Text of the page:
Date: Fri, 19 Jul 2002 11:21:57 -0400
Author: "Jason St. John"
Subject: RE: inventory
We've developed a MySQL database, as well, also with an online interface.
It's under serious revision, since I'm trying to do it without Java (some
professors are using non-Java-capable web browsers), but it uses PHP. One
puts PHP in HTML documents, and when a user requests the page, the server
crunches all the PHP, including queries to the database.
Our demo facility isn't very far from its origins as a toy closet, so the
database makes it easy to find out, say, what that great demo that Prof.
X used to do was, or which demos were done in previous years for a given
class. More obscure stuff, too, like "Are there demos which were done in
the past which never made it into the catalog?" or "Are there demos in the
catalog which we never use?"
Being able to update catalog entries, correct typo-ridden histories, and
list all the demos and classes for a given day (like "What do I need to
setup before I go home so it will be ready in the morning?") are also
My $(1/50)?: It's totally worth it to learn PHP, a SQL language, and HTML.
These are highly marketable job skills anyways!
Jason St. John
Curator, Physics Demonstrations Collection
On 2002-07-19.10:36 email@example.com sent:
We've set up a system using SQL as our database. We can access everything
Our whole demo catalog is on this database and things like the table of
contents get updated automatically when we add new demos. It's a great
system, but the learning curve is really steep. You have to invest quite
a lot of time up front, or find money to hire a student to program it for
you. But once it's up and running, it's pretty sophisticated. We use it
to track all of our orders, all of our demos, our inventory, and even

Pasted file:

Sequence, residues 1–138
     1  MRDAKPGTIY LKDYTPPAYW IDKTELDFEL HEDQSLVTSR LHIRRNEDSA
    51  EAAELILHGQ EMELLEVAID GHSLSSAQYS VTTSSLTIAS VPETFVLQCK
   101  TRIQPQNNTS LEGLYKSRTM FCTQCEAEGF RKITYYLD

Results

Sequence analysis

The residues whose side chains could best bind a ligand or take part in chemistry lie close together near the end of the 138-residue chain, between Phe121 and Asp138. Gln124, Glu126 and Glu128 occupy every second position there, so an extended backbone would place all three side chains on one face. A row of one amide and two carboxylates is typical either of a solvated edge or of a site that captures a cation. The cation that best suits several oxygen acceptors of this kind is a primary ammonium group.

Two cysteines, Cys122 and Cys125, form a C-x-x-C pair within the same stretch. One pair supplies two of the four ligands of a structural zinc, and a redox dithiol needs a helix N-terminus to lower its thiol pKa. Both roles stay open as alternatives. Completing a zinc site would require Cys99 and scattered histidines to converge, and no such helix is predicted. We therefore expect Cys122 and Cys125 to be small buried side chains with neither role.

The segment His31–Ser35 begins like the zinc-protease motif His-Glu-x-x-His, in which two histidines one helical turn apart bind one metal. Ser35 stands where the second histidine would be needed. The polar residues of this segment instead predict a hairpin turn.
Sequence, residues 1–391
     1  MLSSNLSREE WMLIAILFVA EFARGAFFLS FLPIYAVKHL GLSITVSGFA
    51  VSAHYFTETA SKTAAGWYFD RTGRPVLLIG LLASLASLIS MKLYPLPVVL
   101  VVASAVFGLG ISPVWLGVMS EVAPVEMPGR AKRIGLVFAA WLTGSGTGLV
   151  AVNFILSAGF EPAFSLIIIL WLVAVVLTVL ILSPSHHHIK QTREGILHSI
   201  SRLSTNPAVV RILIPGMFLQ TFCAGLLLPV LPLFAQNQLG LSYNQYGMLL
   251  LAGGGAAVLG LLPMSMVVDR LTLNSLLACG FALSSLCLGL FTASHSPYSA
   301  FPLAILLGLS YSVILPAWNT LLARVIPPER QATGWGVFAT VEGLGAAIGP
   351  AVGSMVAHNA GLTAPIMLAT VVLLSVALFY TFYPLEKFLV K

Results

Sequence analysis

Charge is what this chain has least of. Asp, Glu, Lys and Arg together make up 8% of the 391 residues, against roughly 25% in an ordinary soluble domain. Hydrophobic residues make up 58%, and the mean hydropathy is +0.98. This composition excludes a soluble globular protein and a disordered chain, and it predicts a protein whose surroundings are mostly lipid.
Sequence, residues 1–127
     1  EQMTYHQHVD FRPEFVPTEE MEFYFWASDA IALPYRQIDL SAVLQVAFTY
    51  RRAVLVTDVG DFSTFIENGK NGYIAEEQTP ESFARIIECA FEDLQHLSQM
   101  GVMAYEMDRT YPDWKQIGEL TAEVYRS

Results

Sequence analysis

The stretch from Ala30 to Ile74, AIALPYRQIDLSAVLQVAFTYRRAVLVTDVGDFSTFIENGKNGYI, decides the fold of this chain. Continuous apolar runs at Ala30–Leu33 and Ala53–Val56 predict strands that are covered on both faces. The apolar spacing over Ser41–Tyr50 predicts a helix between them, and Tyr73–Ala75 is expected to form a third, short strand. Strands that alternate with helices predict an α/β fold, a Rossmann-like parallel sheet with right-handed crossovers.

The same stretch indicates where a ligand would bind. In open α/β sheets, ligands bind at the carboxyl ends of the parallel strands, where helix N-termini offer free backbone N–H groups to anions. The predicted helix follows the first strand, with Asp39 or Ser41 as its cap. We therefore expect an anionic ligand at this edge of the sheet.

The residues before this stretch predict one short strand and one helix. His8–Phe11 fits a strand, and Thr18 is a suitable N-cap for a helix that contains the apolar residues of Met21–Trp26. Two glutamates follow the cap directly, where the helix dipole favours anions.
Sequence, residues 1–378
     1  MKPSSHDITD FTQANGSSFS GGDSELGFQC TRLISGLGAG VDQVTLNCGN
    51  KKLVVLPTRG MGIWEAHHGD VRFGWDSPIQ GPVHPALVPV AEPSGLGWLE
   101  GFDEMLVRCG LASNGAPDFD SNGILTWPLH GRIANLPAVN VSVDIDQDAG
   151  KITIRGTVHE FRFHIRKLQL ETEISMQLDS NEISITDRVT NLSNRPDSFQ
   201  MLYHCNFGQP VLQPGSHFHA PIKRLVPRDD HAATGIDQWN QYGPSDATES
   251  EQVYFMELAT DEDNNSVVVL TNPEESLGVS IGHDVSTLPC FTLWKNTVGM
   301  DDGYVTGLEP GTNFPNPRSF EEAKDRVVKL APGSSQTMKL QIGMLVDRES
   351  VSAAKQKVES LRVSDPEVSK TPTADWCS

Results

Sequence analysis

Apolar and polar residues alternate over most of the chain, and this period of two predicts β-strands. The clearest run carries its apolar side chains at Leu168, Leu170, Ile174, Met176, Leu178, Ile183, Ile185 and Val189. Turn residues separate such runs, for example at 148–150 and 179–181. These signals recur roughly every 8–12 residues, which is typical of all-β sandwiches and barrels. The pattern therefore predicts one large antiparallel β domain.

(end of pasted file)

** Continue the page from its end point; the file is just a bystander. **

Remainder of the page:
special standing orders that some of our professors have. The interface
is easy enough for anyone to use and they don't need to know about the
database at all. At this point, everything we do is on-line. The orders
come in on-line and we get a daily list of what's ordered and what exports
we need to track down. If you want to know more, I'd be happy to help
you. Just email me directly.
In short, it's an excellent system with the capability to do just about
anything you can imagine. But it's time consuming to learn and it sure
helps if you've had other programming experience. If you don't have the
time, but have a bit of money, hiring a part-time student might be an
Physics Demonstration Lab
University of Michigan
Ann Arbor, MI 48109
> -----Original Message-----
> From: kail secrest [mailto:firstname.lastname@example.org]
> Sent: Thursday, July 18, 2002 18:09
> To: email@example.com
> Subject: inventory
> I was wondering what software other people used to keep track
> of demos and
> equipment in their departments. I have used Primasoft's
> Inventory Organizer
> Deluxe but have not been too pleased with it. Are there any
> better programs
> out there besides using regular database software like Excel?
> Kail Secrest
> Ohio Wesleyan University-Physics Dept.
> fax: 740-368-3999